The U.S. International Trade Commission (USITC) has launched a formal investigation into four patent complaints filed against Apple by computer graphics hardware maker S3 Graphics, which asked the agency to block Apple from importing the iPhone, iPad and other products into the U.S.
The USITC on Friday announced it would investigate the May 28 so-called section 337 complaint filed by S3, based in Fremont, California. The complaint alleges that Apple has infringed four S3 patents related to electronic devices with image processing systems and related software. The patents involve image compression and decompression software, and Apple distributes a software development kit with the same technology adapted for use in its computers, the S3 complaint said.
S3 has asked the USITC to block the import of the iPod Touch and the MacBook, in addition to the iPhone and iPad, according to the complaint.
Representatives of S3 and Apple didn’t immediately respond to a request for comments.
S3 applied for a patent for the image compression technology in October 1997.
From that application, the U.S. Patent and Trademark Office issued four patents: No. 7,043,087, for an image processing system, issued in May 2006; No. 6,775,417, for fixed-rate, block-based image compression with inferred pixel values, issued in August 2004; No. 6,683,978, also for fixed-rate, block-based image compression with inferred pixel values, issued in January 2004; and No. 6,658,146, also for fixed-rate image compression, issued in December 2003.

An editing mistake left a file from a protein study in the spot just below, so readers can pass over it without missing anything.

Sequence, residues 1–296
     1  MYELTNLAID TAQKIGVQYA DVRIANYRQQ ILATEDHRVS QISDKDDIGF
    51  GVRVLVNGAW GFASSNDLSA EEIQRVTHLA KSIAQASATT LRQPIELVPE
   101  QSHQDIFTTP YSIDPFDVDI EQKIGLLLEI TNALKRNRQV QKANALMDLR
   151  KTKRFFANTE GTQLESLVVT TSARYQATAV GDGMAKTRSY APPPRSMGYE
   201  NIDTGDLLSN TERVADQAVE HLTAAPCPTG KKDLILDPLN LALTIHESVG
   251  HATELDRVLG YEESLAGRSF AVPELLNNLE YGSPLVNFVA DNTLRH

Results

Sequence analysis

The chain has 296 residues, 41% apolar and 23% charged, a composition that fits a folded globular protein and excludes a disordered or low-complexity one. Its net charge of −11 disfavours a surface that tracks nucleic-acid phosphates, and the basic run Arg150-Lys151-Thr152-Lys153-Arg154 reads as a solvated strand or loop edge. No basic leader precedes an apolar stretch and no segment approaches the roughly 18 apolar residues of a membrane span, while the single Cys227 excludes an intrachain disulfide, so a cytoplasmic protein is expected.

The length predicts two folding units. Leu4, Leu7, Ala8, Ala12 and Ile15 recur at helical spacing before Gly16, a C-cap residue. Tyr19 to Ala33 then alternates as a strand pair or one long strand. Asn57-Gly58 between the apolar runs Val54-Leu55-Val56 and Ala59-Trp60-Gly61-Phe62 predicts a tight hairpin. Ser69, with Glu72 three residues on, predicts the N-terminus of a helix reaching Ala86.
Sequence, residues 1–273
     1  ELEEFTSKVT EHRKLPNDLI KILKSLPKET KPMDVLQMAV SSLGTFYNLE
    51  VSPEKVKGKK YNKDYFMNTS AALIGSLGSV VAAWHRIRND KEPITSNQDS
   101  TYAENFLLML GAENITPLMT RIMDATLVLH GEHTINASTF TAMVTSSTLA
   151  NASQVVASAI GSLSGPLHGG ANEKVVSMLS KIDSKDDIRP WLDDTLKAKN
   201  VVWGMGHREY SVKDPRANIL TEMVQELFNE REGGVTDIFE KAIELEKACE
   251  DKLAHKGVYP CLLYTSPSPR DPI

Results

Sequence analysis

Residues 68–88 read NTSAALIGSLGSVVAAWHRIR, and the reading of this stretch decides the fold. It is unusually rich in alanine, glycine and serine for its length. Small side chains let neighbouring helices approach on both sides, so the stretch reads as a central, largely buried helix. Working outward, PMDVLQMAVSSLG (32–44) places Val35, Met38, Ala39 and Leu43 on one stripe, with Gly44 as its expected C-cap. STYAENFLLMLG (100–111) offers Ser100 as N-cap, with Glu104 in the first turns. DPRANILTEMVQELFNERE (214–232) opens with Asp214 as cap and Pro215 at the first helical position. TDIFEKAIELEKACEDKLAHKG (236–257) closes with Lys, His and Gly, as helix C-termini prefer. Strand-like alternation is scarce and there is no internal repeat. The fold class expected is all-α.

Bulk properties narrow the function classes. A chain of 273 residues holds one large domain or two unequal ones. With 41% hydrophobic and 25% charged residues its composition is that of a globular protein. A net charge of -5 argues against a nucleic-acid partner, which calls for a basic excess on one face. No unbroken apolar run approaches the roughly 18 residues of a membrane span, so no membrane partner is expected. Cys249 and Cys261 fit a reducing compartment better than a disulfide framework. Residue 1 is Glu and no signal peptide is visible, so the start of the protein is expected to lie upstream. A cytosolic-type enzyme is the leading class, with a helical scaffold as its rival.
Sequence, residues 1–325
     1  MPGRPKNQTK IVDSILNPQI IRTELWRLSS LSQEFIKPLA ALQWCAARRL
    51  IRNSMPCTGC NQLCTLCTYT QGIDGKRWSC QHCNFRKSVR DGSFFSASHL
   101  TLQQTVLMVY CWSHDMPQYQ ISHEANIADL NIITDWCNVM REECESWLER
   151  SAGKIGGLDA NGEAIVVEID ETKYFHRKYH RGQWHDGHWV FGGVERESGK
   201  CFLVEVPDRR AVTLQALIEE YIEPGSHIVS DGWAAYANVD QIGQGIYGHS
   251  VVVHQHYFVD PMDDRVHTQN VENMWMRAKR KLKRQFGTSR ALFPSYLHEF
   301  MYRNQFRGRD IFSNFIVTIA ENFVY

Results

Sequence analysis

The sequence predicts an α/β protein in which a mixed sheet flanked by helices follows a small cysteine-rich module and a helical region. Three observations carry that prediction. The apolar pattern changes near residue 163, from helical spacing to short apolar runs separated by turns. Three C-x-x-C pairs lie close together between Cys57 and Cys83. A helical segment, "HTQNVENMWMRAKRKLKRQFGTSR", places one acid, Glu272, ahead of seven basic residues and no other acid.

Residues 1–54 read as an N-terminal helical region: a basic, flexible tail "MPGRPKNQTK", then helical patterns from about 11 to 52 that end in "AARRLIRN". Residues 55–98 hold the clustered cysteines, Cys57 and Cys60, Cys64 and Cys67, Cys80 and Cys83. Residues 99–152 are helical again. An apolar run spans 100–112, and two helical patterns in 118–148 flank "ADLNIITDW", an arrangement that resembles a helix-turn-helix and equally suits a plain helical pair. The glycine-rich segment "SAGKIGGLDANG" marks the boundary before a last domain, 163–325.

U.S. companies alleging patent infringement by competitors often file section 337 complaints in addition to filing lawsuits. Many section 337 complaints result in a settlement.
Apple has been involved in a series of patent disputes with competitors in recent months, both as the company originating the complaints and as the company accused of infringing patents. Apple and smartphone maker HTC have accused each other of patent infringement, and the USITC in May announced it would investigate Eastman Kodak after Apple filed a complaint about patents relating to digital imaging devices and software.
Grant Gross covers technology and telecom policy in the U.S. government for The IDG News Service. Follow Grant on Twitter at GrantusG. Grant’s e-mail address is firstname.lastname@example.org.